Ethical hacking and security research group Sakura Samurai researchers disclosed a security vulnerability that would allow access to over 100,000 private employee records of the United Nations Environmental Programme (UNEP).

The vulnerability originates from exposed Git directories and credentials, allowing researchers to clone Git repositories and collect personally identifiable information (PII) associated with Unep employees, according to BleepingComputer

The data obtained by Sakura Samurai exposed travel history of UN staff, including: Employee ID, Names, Employee Groups, Travel Justification, Start and End Dates, Approval Status, Destination, and the Length of Stay.

Other data also revealed HR demographic data, such as nationality, gender, pay grade of thousands of employees, project funding source records, generalized employee records, and employment evaluation reports.

According to BleepingComputer, the research group reported the vulnerability to the UN on January 4th, 2021. The UN Office of Information and Communications Technology (OICT) said:  "The reported vulnerability does not pertain to the United Nations Secretariat, and is for ILO (International Labour Organization)." 

Saiful Ridwan, Chief of Enterprise Solutions at UNEP, however, later noted the DevOps team had taken appropriate steps to patch the vulnerability. BleepingComputer also notes UNEP is working on a data breach disclosure notice.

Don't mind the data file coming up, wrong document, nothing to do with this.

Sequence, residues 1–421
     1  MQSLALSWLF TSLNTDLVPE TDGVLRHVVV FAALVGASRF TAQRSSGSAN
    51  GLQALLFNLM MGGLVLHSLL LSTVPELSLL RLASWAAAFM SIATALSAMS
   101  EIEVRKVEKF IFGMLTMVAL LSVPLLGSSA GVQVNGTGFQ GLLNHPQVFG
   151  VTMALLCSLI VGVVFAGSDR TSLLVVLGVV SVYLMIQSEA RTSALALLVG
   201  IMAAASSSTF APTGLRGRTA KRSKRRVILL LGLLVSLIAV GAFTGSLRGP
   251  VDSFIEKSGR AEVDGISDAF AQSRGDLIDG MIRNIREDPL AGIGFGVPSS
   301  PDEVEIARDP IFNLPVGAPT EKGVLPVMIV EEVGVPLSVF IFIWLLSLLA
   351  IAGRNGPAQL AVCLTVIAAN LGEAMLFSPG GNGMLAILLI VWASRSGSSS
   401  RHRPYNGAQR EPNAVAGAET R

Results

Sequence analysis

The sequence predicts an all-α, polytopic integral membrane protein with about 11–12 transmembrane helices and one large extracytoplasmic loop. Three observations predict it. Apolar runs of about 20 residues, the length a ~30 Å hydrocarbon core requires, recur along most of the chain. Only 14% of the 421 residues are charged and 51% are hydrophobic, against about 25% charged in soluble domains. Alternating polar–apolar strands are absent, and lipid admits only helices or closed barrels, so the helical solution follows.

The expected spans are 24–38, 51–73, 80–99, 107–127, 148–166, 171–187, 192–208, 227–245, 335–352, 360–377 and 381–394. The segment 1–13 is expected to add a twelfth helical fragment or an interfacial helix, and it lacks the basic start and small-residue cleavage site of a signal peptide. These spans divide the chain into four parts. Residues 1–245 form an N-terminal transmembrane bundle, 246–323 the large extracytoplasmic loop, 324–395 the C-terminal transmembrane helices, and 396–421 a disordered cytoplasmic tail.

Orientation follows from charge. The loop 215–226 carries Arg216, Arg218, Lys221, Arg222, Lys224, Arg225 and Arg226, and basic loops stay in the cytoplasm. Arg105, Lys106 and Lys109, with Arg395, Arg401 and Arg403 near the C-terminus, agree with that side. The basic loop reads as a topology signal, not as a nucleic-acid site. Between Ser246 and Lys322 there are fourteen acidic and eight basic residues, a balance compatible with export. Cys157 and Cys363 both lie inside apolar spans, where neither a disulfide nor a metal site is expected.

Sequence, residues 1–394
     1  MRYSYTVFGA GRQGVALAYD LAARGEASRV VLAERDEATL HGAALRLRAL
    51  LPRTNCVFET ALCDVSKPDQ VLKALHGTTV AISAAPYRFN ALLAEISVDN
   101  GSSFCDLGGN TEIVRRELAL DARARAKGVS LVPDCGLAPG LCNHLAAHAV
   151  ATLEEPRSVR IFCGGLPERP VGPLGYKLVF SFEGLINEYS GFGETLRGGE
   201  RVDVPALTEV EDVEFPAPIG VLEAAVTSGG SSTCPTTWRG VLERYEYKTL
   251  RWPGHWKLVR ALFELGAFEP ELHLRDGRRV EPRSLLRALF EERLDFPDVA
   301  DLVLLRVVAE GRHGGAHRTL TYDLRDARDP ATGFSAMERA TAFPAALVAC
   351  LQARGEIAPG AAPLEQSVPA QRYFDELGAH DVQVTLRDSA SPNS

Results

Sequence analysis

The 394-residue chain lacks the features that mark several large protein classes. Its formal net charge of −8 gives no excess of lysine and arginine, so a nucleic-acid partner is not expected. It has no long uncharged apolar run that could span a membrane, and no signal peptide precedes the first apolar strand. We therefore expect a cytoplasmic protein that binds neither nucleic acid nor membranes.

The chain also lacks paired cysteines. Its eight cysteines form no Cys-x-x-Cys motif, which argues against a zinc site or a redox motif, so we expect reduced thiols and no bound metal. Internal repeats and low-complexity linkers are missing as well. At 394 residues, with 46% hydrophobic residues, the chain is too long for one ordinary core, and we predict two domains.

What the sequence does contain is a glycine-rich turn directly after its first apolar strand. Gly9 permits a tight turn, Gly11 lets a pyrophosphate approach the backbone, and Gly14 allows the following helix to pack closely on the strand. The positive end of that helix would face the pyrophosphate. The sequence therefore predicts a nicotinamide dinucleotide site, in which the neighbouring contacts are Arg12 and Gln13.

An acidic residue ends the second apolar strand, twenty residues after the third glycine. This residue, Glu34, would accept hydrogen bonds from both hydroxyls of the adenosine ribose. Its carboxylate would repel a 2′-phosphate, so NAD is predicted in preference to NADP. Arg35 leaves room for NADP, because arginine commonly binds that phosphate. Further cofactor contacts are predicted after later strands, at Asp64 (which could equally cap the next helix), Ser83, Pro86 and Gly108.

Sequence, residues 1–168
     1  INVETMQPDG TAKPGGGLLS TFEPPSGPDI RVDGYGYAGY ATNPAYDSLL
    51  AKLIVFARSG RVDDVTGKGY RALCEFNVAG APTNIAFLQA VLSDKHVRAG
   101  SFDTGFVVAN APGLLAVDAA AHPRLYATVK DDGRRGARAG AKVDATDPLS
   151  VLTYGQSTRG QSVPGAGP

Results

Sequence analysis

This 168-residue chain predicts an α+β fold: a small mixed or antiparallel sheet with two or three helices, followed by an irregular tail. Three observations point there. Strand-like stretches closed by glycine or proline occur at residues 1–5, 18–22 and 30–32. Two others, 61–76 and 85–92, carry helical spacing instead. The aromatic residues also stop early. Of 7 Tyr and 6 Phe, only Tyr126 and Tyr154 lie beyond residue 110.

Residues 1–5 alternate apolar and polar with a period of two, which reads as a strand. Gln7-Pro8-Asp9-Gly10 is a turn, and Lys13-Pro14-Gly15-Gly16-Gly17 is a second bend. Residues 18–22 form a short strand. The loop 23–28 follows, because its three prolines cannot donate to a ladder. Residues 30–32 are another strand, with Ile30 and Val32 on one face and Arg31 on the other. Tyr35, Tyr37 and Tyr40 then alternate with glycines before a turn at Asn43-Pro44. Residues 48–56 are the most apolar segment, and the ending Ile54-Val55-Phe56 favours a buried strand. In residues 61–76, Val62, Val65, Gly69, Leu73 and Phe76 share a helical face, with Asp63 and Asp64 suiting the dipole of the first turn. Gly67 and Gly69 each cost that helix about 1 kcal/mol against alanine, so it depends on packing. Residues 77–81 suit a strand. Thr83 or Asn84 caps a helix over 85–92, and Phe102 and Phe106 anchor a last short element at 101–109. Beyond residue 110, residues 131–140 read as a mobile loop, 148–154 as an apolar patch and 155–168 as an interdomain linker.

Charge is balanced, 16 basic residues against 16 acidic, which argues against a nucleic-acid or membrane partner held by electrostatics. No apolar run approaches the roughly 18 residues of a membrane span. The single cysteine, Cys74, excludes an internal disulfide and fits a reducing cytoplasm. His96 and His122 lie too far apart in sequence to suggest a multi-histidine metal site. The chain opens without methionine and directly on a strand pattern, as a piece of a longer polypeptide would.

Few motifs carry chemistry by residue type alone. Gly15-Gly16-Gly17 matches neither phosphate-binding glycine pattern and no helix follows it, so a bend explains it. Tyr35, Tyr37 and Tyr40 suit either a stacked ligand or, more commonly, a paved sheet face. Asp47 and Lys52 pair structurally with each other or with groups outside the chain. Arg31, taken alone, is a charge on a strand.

Joao Gomes, Application Security Researcher, Checkmarx, says, "The vulnerability found within the UNEP system is yet another unfortunate example of the commonality of unsecure DevOps practices. In this case, it appears to be a simple issue of incorrectly providing access control and uploading and storing sensitive data to a public location."

Gomes adds, "While it can be easy to overlook these types of misconfigurations – UNEP certainly isn’t the first or last to do so – setting and enforcing internal best practices for infrastructure management and software deployment is a key preventative measure. As part of this, security testing tools that cover emerging technologies, such as infrastructure-as-code, and perform incremental scans throughout software development cycles will catch these issues automatically and provide developers with real-time remediation guidance.